As the Government lifts lockdown restrictions, accountants, like many other businesses, are reviewing their working practices to prepare for a return to ‘normal’. Balancing the needs of clients with the safety of employees will be a key consideration for most organisations. Covid-19, while devastating in many ways, has also pushed many into making positive changes that they may have been reluctant to previously.
But what exactly will the post-Covid work environment look like for accountants?
Pre-Covid, some accountants were reluctant to introduce technology into their businesses for several reasons: fear of the unknown, not understanding what the benefits are, or an unwillingness to learn a new way of working to name a few.
The pandemic showed us that technology is a necessity, not a luxury. We’ll likely see accountants investing in technology as they build resilience and reevaluate their strategies.
Before the virus hit, the Government’s Making Tax Digital initiative had forced firms to introduce technology. The initiative to digitalise the tax system and make it easier for people to get their tax right accelerated the move to cloud accounting. Without digital knowledge and skill, accountants would be unable to deal with their clients’ tax administration.
Add an enforced workplace shutdown into the mix, and technological transformation rose to the top of boards’ agendas.
Having resisted it for so long, many have been surprised by the benefits technology brings to the workplace.
Self-service client portals: improve client satisfaction as they can submit and obtain information at their convenience.
Electronic signature submission: provides a secure and fast way to receive client agreement to accounts and contracts.
Practice management tools: provide transparency over workflow, a central hub for documentation and audit trails for compliance purposes.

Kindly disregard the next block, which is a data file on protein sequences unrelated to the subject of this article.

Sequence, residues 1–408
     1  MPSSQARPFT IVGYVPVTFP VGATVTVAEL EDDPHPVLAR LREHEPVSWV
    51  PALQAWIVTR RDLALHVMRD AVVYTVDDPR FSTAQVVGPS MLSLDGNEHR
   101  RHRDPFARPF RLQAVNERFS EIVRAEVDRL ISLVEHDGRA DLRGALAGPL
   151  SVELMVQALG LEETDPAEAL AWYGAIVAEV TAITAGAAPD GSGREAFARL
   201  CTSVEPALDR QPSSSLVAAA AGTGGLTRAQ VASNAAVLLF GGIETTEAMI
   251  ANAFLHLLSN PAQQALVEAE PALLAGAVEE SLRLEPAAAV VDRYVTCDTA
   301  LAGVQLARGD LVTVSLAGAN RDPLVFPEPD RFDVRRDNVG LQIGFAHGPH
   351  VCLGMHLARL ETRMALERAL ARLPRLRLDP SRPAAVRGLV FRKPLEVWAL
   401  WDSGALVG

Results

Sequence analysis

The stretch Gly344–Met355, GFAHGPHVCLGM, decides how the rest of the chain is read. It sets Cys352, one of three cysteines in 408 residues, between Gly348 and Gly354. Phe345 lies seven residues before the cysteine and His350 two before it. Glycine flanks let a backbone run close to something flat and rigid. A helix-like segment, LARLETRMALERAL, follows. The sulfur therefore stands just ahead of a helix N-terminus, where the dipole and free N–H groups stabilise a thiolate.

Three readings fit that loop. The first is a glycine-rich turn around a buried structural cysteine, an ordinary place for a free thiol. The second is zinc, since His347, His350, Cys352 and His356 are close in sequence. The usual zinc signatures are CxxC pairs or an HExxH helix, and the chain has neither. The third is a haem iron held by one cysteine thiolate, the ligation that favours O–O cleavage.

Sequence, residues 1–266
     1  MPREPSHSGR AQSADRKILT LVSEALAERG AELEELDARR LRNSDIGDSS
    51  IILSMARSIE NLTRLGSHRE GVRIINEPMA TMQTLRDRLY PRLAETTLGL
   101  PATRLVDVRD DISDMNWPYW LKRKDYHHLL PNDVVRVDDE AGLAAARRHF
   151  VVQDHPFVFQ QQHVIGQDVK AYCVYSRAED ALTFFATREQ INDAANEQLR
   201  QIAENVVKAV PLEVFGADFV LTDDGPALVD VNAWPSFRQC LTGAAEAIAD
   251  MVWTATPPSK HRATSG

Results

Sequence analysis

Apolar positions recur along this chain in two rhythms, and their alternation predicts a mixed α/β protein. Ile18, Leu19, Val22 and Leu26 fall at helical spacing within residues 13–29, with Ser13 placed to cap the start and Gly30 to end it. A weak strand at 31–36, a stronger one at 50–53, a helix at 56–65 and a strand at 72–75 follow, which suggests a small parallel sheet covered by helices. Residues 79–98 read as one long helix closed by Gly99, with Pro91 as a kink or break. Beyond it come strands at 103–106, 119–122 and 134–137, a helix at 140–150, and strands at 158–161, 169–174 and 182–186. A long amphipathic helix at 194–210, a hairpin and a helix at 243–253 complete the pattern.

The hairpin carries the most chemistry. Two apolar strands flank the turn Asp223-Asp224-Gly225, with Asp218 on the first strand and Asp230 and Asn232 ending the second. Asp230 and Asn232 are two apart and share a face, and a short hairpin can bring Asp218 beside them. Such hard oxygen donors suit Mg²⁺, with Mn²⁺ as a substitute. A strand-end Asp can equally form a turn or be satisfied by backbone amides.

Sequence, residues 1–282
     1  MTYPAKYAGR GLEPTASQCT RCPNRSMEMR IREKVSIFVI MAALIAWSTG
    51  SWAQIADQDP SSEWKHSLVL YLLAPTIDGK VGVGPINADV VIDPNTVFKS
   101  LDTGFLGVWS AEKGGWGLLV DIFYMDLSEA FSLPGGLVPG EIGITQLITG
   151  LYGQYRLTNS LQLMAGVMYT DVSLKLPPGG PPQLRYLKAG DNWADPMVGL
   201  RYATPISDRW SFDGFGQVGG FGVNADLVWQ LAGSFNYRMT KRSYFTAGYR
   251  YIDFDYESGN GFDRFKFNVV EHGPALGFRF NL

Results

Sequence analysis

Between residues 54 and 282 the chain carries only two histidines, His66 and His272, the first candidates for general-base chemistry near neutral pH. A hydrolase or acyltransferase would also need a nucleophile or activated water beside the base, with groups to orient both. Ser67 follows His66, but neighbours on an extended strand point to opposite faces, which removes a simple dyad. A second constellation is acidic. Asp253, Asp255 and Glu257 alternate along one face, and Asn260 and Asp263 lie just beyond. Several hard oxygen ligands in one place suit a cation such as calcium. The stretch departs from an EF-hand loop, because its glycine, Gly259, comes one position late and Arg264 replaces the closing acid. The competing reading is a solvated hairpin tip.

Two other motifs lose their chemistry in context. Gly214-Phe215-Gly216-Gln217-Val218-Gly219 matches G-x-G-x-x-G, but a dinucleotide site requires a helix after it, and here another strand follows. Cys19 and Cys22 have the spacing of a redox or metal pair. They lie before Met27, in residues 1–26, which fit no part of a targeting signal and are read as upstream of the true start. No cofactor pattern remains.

Collaboration and communication tools: improve client communication, keep track of workflows and boost staff engagement and participation in cases and projects.
A hybrid approach to the workplace
Before coronavirus, remote working was a perk offered to senior staff rather than a widespread working practice. While highly sought after, many organisations resisted introducing it to all employees. They thought productivity would drop and were wary of the cost of investing in the infrastructure needed to work remotely.
For accountancy firms, remote working has been the only way they could continue to do business during the pandemic. Now they must consider what part it will play in the future workplace. Employees are unlikely to want to lose the benefits of remote working. Flexible working hours, reduced commute times, cost savings on travel and incidentals and more time with the family have increased employee engagement and satisfaction.
Adopting a hybrid approach, where employees can work in the office or at home flexibly is likely to suit most accountants. It would satisfy employees who don’t have a suitable workspace at home or prefer to work in the office for social interaction purposes. It would also benefit those who need to work flexibly, for example, because of childcare.
Benefits to employers of a hybrid approach include:
- Improved staff productivity as people can work without interruptions when they need to
- Reduction in rent and associated outgoings from running a smaller office
- More engaged and happier employees
- Reduced carbon footprint
- Improved client service from staff working flexible hours
- Increased resilience as the infrastructure is in place to move to full remote working in the event of a crisis
The change in communication methods used during lockdown may suit some clients. They may prefer to catch up over a Zoom call rather than attend a meeting in the office. Others will appreciate a more formal face-to-face meeting. Age and familiarity with technology are likely to influence clients’ preferred communication methods.
It’s advisable for accountancy firms to offer different options to their clients to meet their individual needs. Alternatives include meeting in a coffee shop or hosting networking events (either at a venue or virtually).
A more diverse and inclusive workforce
Remote working allows accountants to offer a more inclusive and diverse workplace. When not limited by geography, firms benefit from a wider talent pool. They can also attract top talent by providing flexible and remote working.
Remote working also suits people who may not be able to travel to a physical workplace or who can’t work the usual 9-5 – for example, people with disabilities, carers and parents. By tapping into this labour pool, accountants can increase the quality of their workforce and improve their reputation as an employer.
As the end of lockdown approaches, accountants should have a robust strategy in place to secure the future of their practices. Incorporating the lessons learned from navigating the coronavirus crisis is essential. There is a genuine possibility of a second wave hitting, but this time, we will be better prepared to deal with it and a post-Covid-19 future.
Primotax specialises in providing digital accountancy and tax services. Book an appointment today to talk about how we can help with your business finance needs.